The pH of a system is a measure of the concentration of hydrogen ions (protons) within it. These protons come from ‘acid’ ingredients that release them (dissociate) in the presence of water. In foods, many of these protons come from so-called ‘weak acids’. Weak acids, such as acetic acid and citric acid, release different numbers of protons depending upon the pH. Whilst this simple equilibrium behaviour is well understood by chemists, foods usually contain many different weak acids, hence calculations rapidly become complicated. In addition to a range of acid ingredients all competing with one another to release their protons, real foods frequently also contain alkaline ingredients (both weak and strong). These ingredients adsorb protons, acid or alkaline salts that interact with their corresponding acids or alkalis, and fats & oils into which some ingredients preferentially partition. This sort of problem is difficult to solve owing to the following:

  • Some of the major pH-determining components of food, such as proteins or whole tissues, are too complicated to be described by an equilibrium constant
  • Often the composition of a food product is not known with sufficient accuracy

By solving these two major problems, IFR’s Buffering Theory makes the prediction of the pH of real food systems possible. The trick is to take the ingredients within the system that are either too complicated or whose composition is uncertain and perform a simple characterisation of them (a Strong Acid Titration, SAT). This data can then be married with the behaviour of those parts of the system that can be well characterised (e.g. the organic acids and lipids) to predict the whole system’s pH as a function of recipe.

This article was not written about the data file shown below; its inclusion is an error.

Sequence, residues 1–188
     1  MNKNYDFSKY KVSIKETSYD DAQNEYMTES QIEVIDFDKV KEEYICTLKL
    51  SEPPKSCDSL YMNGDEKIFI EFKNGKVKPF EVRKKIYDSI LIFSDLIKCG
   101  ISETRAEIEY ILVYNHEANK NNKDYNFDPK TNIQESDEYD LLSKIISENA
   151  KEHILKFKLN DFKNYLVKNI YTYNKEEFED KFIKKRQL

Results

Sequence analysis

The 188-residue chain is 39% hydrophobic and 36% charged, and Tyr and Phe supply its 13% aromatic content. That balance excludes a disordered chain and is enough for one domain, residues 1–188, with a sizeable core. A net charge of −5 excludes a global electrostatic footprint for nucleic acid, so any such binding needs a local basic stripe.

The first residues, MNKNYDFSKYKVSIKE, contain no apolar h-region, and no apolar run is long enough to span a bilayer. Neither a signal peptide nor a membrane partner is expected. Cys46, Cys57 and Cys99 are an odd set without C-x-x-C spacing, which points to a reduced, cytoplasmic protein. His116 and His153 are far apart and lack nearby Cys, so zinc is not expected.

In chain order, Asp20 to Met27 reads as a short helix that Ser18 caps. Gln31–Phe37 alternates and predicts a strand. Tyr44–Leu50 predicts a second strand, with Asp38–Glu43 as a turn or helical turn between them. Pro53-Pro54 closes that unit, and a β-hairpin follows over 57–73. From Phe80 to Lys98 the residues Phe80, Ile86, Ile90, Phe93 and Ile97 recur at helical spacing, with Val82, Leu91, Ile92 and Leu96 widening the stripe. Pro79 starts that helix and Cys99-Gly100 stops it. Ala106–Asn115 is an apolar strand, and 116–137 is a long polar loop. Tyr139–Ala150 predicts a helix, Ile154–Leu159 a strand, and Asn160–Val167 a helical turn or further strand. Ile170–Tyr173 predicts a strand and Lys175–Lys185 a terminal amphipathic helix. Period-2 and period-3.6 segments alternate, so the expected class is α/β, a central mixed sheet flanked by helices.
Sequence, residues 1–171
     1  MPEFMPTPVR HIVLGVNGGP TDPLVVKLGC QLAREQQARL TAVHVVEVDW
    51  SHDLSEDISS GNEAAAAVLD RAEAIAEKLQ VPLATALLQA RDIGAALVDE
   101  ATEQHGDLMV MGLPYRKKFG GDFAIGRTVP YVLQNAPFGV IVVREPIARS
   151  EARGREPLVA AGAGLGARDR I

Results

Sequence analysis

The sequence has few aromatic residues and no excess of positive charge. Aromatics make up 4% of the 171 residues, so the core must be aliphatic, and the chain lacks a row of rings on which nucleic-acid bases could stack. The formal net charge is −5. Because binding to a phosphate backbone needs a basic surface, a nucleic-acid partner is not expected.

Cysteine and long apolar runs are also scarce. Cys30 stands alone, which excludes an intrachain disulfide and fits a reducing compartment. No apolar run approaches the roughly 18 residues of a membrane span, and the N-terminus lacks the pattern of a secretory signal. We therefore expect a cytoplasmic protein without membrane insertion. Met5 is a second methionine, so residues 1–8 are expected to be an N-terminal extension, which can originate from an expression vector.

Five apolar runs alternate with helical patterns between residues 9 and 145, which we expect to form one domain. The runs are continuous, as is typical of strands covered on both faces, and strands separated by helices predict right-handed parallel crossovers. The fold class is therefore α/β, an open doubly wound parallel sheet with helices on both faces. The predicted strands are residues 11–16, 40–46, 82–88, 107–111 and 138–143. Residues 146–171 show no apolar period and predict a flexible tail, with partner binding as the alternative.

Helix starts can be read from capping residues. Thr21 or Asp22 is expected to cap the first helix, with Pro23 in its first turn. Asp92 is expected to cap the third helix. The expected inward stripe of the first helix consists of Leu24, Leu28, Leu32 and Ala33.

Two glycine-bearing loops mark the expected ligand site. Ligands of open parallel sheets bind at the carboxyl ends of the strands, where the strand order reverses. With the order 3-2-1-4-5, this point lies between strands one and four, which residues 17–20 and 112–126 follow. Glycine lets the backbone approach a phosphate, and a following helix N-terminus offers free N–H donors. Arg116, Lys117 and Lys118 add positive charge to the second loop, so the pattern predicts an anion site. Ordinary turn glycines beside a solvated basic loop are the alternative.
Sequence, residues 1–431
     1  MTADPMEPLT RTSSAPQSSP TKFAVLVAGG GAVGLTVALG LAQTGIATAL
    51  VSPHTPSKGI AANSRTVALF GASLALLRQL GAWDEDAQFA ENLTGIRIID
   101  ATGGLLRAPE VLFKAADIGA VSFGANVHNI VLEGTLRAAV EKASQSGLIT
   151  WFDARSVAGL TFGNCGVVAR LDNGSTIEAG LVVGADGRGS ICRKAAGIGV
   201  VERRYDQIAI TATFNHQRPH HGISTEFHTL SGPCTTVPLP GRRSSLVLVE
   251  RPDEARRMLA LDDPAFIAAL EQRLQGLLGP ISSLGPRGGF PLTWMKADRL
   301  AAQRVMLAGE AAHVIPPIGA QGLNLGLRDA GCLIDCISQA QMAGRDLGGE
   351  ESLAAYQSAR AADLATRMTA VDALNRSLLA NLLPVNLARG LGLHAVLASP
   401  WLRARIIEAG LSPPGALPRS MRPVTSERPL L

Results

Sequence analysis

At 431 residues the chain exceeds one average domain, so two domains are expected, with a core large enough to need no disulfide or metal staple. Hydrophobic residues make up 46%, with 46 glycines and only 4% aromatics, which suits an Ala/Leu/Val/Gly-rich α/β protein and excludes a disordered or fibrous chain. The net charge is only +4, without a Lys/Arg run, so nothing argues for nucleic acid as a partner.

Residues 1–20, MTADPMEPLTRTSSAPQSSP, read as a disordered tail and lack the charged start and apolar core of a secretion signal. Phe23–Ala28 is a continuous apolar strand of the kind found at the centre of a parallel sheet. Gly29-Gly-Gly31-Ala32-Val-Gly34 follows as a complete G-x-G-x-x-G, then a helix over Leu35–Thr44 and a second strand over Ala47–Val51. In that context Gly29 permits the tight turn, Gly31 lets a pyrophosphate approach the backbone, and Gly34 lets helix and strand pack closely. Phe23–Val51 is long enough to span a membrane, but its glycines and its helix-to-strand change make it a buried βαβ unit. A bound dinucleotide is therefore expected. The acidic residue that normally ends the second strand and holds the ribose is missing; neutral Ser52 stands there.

Theory calculator

To demonstrate the application of IFR’s Buffering Theory, in either a new or existing product development environment, we have developed an easy-to-use Windows based application. This allows users to build a recipe from a database of SATs derived from relevant ingredient materials. The software then calculates the mixture’s strong acid titration behaviour and predicts its initial pH.

To this mixture the user may choose to simulate the addition of further components: acids, alkalis, salts thereof and an oil phase, into which the components may partition. The software predicts the final pH of the overall mixture and provides the user with a graphical display indicating the amounts of each component that are dissociated, undissociated or partitioned into the oil phase.

Alternatively, if the user has a target pH in mind the software will calculate the amount of a given component or its salt that is required to achieve that specification.

Towards on-screen product development

We are evaluating exploitation routes for IFR’s Buffering Theory and the software tools we have developed around it. The software technology has been licensed to PBL (www.pbltechnology.com), the technology management company who are commercialising the product with evaluation and development partners. Currently the emphasis is on development of new product development tools for the food industry.

Related organisations

Related people

Send this to a friend